Mellon: Pension Reporting Changes to Lead to Earnings Volatility

November 10, 2003 ( - By requiring companies with defined benefit pension plans to expense their plan gains and losses, potential accounting changes are likely to have profound changes on corporate finances, according to a new position paper.

According to the document from Mellon Human Resources and Investor Solutions, the push to get rid of pension “smoothing”  (See  Accounting Rules Smooth Over Pension’s Potholes  ) will make many plan sponsors’ earnings more volatile and will effect key financial ratios used by analysts and lenders.

As a consequence, Mellon contended:

  • More volatile earnings reports could be seen by analysts as an indicator the company isn’t worth as much, or as a sign that management can’t effectively manage business risks.
  • On the other hand, the decreased certainty regarding reporting earnings might actually increase DB companies’ values with the greater transparency, new income breakdowns, heightened disclosure and removal of smoothing.
  • Less predictable balance sheet ratios might cause some lenders to close their doors to the company or only lend on less favorable terms.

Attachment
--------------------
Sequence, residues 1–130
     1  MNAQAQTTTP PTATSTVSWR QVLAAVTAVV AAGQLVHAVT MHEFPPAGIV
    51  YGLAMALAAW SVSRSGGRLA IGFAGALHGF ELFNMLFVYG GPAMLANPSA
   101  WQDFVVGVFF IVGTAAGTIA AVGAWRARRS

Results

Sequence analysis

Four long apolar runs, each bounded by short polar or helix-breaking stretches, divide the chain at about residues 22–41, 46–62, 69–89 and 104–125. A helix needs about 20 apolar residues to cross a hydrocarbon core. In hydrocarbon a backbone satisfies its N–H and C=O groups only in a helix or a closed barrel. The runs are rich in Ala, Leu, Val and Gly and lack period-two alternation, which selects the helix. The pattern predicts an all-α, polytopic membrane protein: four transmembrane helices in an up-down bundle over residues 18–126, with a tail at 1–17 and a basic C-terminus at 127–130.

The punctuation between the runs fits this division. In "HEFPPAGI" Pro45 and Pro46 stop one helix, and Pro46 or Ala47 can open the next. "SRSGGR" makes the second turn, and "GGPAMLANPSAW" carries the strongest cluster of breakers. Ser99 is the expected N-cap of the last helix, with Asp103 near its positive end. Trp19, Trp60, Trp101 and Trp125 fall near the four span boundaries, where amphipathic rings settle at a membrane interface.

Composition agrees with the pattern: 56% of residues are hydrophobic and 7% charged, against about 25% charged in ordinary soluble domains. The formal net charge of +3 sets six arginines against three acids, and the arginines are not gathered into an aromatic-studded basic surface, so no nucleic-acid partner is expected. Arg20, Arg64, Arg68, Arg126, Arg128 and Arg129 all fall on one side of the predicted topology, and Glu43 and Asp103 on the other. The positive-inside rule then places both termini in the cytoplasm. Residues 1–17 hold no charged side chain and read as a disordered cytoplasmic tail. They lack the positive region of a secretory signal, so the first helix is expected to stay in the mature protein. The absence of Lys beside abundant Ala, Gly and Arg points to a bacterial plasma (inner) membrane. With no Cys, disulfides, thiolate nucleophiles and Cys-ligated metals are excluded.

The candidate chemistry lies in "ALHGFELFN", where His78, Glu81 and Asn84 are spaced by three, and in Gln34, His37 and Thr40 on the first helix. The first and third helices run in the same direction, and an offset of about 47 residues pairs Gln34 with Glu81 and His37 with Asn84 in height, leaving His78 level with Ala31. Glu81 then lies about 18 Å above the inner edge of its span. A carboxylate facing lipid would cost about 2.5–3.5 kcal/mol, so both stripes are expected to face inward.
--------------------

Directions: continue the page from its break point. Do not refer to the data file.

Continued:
One possible response to a pension reporting-induced earnings volatility could be a shift to invest plan assets in securities with cash flows matching the cash flows of the obligations – possibly meaning a large-scale movement out of equities into fixed income, Mellon said (Mellon pointed out that some accounting reform proponents have charged that existing laws dangerously encouraged plan to get too heavily into equities in the first place.).

Finally, Mellon warned that increased earnings volatility arising from changed pension accounting regulations could prompt some companies to cut back or cut out their defined benefit programs. Mellon pointed out that the FRS17 in the UK helped prompt more than 40% of UK firms with DB plans to shutter them to new members in recent years (See  UK Pension Regulations Weigh on DB Plans  ).

However, Mellon warned plan sponsors that it is not possible to “model” the potential impact of a shuttered DB plan on factors such as workforce management and corporate productivity. “Thus, when consideration is given to starting or terminating a plan, the employer needs to consider intangible as well as tangible factors,” Mellon wrote.

The Financial Accounting Standards Board (FASB) is scheduled to discuss pension disclosure requirements at a Tuesday meeting (see  FASB Throws Down Pension Reporting Gauntlet ).

A  full copy of the report is at .